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Well Pump Keeps Running But No Water Pressure

Jet Pump Troubleshooting

Jet Pump Troubleshooting

Jet pumps can be used for several different types of applications. Whether you are using a jet pump to supply water to your home from a water well or irrigate a garden, crops, or landscaping, you will need to know some common jet pump issues and identify ways to troubleshoot to keep your pump in top working condition. Here are some common symptoms, possible causes, and corrective actions for maintaining a jet pump. If your jet pump will not start, there are a few possible causes: System pressure has not dropped to switch's "On" or "Cut-in" pressure. Fuse or circuit breaker in your fuse box or breaker box has blown or tripped. The pump's motor is set to incorrect voltage, or, voltage being fed to motor does not match the motor's rated voltage. The hose from the pump body to the pressure switch is blocked, clogged, or frozen or has come off one end. The pressure switch contacts are dirty or burned. The power wires are loose or disconnected. The starting component of the pump's motor has failed. Go down the list of possible causes to determine the problem with the pump. The zone valve may not be opening to allow water to move. Try checking or repairing the zone valve. Check all wiring, pressure switch, and motor to make sure there aren't any loose wires or connections. Relieve pressure from system by removing the hose from the pump body and pressure switch and see if you can blow through it. If you cannot, it's clogged. Remove whatever is clogging it and reinstall the hose. Are the Pressure Switch Contacts Dirty or Damaged? Measure the voltage on the motor side of the switch to see if the proper voltage is getting through. If not, replace the pressure switch. Check the voltage at motor (and/or pressure switch) to determine which wire(s) are loose and repair as needed. Has Continue reading >>

How To Tell If Your Well Pump Is Bad - Mr. Rooter Plumbing

How To Tell If Your Well Pump Is Bad - Mr. Rooter Plumbing

Need more information or assistance? Call the professionals at Mr. Rooter Plumbing! Chances are youll need to call in a plumber to make a thorough check, but there are a few simple checks you can do to determine if a minor problem is stopping your water supply. Some people immediately think their well pump has stopped working, but with a few different components that get your well water into your home, how do you know if your well pump is broken? The pump will certainly stop working at some point, but lets go over some of the other issues you should also focus on. There are three possibilities that could be stopping your water: Well failure (low supply of water in the ground) Equipment failure (of the well water equipment or from a power failure affecting the equipment) Plumbing breakdown (clogged or broken pipes) When you discover you dont have any water, the first thing to check is your electrical panel. See if the circuit for your well pump and pressure tank is in the on position. If not, flip it to on and see if that gets your system running. If this seemed to solve your problem, it could have been a one-time glitch and you may not have any other issues at least for a while. But if the breaker goes out again, call in a professional to diagnose the problem, as they will know how to tell if your well pump is bad. Your next check, if needed, is your pressure tank. Look at the pressure gauge and see if its showing a reading above 20 psi. Depending on the type of pressure tank, it could be indicating a higher psi, but if your tank is showing pressure, then your problem is likely within your house and not a problem with the well pump or well. No pressure? Then your problem is the well pump, well, pressure tank or switch. Call a service provider with the information youve Continue reading >>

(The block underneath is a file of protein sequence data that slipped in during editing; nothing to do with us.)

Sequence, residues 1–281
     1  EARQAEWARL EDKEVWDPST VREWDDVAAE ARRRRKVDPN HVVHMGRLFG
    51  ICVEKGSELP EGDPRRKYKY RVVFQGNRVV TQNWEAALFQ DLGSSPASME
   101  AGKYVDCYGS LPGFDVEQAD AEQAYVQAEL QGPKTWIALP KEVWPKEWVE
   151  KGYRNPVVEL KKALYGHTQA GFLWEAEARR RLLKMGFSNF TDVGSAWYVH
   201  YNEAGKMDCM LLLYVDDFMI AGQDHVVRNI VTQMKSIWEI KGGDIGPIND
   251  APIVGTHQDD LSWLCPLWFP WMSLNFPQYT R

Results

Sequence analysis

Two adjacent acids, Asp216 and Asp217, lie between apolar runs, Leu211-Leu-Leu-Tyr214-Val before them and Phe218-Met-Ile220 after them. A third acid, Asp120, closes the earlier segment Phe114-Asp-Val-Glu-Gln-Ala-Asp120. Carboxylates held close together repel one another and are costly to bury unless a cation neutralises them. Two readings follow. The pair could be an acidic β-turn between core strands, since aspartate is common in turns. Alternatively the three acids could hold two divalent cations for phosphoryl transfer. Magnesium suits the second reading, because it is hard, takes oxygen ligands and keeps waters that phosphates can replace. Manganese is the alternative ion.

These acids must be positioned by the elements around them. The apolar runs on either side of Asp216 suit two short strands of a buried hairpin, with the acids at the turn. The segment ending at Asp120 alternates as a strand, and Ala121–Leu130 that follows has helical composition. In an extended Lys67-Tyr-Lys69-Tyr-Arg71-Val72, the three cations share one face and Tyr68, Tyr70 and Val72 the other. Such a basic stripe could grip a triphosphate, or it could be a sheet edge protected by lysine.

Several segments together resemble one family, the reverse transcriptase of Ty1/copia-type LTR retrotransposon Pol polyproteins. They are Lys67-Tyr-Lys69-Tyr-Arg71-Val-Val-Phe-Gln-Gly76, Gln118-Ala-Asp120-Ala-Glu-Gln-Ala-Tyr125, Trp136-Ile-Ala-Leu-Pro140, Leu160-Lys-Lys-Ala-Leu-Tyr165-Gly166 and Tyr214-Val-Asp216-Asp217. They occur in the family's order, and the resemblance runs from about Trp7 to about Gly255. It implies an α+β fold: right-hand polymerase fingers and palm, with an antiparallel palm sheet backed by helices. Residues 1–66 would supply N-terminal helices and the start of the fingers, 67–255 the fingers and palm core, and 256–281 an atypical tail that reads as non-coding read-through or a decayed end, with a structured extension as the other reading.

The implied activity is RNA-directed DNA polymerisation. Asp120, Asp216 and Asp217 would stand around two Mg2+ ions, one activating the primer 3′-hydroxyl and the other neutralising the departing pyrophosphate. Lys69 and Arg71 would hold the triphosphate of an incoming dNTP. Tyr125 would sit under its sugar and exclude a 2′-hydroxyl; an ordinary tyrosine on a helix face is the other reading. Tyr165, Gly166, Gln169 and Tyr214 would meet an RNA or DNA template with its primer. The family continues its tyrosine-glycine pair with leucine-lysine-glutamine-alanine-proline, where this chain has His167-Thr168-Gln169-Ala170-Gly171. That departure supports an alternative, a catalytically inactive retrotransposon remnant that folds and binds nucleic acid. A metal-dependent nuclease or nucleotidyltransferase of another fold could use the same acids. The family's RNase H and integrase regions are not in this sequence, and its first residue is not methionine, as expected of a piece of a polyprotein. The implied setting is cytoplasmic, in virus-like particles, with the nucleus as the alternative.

Submersible Well Pump Is Kicking On All The Time

Submersible Well Pump Is Kicking On All The Time

Submersible Well Pump Is Kicking on All the Time When all the components on a submersible well pump are working properly, the pump turns on automatically when the water pressure drops below a specified level. It then runs until the water in the pressure tank returns to the preset cutoff point. Drops in water pressure level should correspond with use. This means the only time the pump should run is when water is being used. If a pump constantly cycles on and off frequently or without apparent reason, check the system immediately to prevent wasted energy usage and potential damage to the pump. The pressure switch controls the flow of electricity to the pump. When it is not properly adjusted or is defective it can cause the pump to quickly turn on and off. Test this by opening a faucet and watching the pressure gauge. If the pressure gauge drops only a few pounds before the pressure switch trips and sends power to the pump, adjust or replace the switch. Both bladder and captured air pressure tanks are designed to maintain a constant even flow of water by compressing a layer of air at the top of the tank. This cushion of air provides the reserve pressure necessary for smooth operation. Since water does not compress, a lack of reserve air pressure inside the tank causes the pressure switch to turn on soon after water begins to flow from the tank. Check this by turning the power to the well off and draining the pressure tank. Once the tank is drained, check the remaining air pressure with a tire pressure gauge. If the pressure is low, use a bicycle pump or air compressor to restore pressure in the tank. Check the tank manufacturer's specifications for proper working air pressure. If the tank won't maintain air pressure at all, you may have a ruptured barrier and will need to Continue reading >>